The UK’s Open Government Partnership 2013 National Action Plan references the Open Data Engagement principles, outlining how their work on the Open Data Communities platform is:
- demand driven, eg by working closely with Homelessness charities to prioritise release of homelessness statistics in response to their specific business needs
- putting data in context, eg by clearly describing the data provided, including information about frequency of updates, data formats and data quality. And also providing qualitative information such as details of how the data was created and documentation on retrieving and working with the data;
- supporting conversation around data, eg through partnership with the county of Hampshire to delivering new tools within the Hampshire Hub to enable users to comment on datasets, including sources from DCLG’s OpenDataCommunities service, and network with other data users;
Hopefully DCLG will also work towards the next stars in the engagement framework by building capacity of the community to use data, and by collaborating with citizens on creation of data and on shaping data collection.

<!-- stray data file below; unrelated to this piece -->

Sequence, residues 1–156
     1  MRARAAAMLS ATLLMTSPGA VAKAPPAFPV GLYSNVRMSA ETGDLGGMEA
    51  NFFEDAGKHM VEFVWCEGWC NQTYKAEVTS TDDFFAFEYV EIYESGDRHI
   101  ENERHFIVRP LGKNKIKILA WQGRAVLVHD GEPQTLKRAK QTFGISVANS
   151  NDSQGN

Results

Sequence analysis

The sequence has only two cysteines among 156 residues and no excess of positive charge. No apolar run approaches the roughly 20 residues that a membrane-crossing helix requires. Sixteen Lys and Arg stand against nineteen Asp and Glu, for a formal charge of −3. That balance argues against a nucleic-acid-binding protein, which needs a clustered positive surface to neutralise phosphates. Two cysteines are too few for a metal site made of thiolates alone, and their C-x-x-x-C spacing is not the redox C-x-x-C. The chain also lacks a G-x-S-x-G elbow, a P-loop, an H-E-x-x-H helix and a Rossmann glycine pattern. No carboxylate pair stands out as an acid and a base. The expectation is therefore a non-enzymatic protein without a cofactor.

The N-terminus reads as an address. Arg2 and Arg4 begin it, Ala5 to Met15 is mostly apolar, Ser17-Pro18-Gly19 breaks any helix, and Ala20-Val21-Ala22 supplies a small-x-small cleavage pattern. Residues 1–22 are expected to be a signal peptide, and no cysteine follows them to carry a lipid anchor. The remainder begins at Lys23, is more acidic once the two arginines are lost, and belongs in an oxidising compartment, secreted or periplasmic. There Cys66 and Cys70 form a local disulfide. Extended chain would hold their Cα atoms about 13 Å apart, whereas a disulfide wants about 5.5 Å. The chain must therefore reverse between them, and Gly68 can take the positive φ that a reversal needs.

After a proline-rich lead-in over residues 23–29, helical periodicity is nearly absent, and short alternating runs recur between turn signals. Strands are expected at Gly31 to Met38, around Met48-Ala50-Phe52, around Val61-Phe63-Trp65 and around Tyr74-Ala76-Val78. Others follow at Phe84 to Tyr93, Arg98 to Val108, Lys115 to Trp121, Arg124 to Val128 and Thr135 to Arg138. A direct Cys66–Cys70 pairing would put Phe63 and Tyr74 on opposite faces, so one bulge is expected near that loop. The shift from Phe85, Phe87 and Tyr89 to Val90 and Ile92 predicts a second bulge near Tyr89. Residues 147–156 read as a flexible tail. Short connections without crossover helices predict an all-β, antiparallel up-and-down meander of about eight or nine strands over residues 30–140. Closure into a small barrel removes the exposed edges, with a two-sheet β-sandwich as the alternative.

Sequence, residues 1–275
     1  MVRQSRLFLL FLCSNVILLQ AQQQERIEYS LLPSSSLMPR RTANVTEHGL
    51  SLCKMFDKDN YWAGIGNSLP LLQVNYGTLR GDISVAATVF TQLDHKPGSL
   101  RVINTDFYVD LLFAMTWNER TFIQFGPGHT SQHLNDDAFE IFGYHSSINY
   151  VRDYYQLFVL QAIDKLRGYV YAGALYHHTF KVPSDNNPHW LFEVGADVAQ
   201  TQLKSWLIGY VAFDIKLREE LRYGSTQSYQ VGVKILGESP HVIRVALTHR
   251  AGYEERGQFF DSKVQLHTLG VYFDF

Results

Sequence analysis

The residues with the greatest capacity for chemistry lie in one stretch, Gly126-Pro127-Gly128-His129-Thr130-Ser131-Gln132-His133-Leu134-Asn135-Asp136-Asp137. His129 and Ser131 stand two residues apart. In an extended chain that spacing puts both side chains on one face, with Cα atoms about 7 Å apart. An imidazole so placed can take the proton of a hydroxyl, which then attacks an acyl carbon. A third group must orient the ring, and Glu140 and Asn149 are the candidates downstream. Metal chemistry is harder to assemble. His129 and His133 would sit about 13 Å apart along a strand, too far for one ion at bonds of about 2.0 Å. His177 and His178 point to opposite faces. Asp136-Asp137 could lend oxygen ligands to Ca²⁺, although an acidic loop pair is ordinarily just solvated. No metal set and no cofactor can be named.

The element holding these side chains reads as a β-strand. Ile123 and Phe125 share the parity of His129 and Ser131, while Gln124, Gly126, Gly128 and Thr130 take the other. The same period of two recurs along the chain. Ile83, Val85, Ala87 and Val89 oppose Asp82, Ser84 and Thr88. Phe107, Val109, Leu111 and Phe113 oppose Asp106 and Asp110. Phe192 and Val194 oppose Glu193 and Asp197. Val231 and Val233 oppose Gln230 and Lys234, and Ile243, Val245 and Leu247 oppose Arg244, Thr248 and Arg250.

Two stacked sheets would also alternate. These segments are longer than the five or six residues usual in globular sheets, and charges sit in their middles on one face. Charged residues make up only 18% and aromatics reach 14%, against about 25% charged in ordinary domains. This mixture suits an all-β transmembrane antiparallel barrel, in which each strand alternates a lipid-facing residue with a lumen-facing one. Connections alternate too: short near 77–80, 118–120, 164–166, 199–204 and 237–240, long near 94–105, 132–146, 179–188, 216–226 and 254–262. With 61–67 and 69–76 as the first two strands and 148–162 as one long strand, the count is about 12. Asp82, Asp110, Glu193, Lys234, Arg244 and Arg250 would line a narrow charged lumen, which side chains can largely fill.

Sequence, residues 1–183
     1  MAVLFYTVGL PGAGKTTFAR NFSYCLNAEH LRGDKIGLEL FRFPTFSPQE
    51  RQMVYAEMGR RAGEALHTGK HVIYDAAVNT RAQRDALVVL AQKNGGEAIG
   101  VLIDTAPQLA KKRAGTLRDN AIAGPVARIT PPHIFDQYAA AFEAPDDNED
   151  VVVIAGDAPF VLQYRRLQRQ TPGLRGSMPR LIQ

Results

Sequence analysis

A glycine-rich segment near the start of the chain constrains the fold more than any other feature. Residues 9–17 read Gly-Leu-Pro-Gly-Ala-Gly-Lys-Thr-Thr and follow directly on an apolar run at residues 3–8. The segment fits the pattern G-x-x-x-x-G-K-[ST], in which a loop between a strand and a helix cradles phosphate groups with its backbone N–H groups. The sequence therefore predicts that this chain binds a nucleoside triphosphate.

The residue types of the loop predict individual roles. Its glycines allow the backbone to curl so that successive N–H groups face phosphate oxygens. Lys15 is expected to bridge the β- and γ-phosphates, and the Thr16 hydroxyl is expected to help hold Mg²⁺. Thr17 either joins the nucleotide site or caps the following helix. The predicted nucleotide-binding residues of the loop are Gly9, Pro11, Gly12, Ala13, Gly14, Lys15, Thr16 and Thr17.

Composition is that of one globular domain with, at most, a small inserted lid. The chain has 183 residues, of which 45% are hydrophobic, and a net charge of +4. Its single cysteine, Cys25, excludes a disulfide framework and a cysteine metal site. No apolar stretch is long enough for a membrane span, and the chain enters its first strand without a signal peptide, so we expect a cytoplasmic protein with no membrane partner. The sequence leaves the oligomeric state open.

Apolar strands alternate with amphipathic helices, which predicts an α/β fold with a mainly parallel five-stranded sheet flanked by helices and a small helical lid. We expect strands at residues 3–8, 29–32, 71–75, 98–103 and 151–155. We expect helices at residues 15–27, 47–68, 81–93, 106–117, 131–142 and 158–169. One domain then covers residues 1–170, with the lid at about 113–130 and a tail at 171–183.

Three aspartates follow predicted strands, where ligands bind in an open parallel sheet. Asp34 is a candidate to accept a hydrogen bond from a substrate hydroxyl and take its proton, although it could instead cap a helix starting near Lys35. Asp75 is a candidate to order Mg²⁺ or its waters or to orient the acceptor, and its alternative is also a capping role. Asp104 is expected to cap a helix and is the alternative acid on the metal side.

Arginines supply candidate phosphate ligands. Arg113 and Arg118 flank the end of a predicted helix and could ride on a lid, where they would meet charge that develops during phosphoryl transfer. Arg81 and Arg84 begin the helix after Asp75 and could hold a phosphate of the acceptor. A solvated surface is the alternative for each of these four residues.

The Open Data Communities has also worked to achieve five stars of linked open data, showing how these frameworks can work together to improve both quality of and usability of open data.
The US Data.gov hosts a number of ‘community’ sections on it’s website. The community pages explain how different audiences can use the available data, and provides access to specific thematic data and tools, apps, challenges, blogs, resources and other sources of data.
The US Data.gov government apps directory provides access to over 1000 tools, feeds, reports and resources that work with open government datasets. These are accessible from a top-level link on the Data.gov website, though they are not linked directly from the data catalogue pages of the datasets that they use.
If government has a dataset, the chances are that it has also used that dataset to create reports, drive business analytic tools, provide operational data feeds or build websites focussed on particular audiences. Providing access to these government funded applications and data uses alongside access to data can help users to understand data in context, and to understand how government currently uses and interprets the data.
The Open Data portal for the City of Firenze in Italy has been developed in collaboration with civil society, and makes use of a Twitter hashtag (#opendatafirenze) and e-mail to engage with data users, as well as featuring a range of interactive and static visualisations that have been created from the data on the open data for all pages.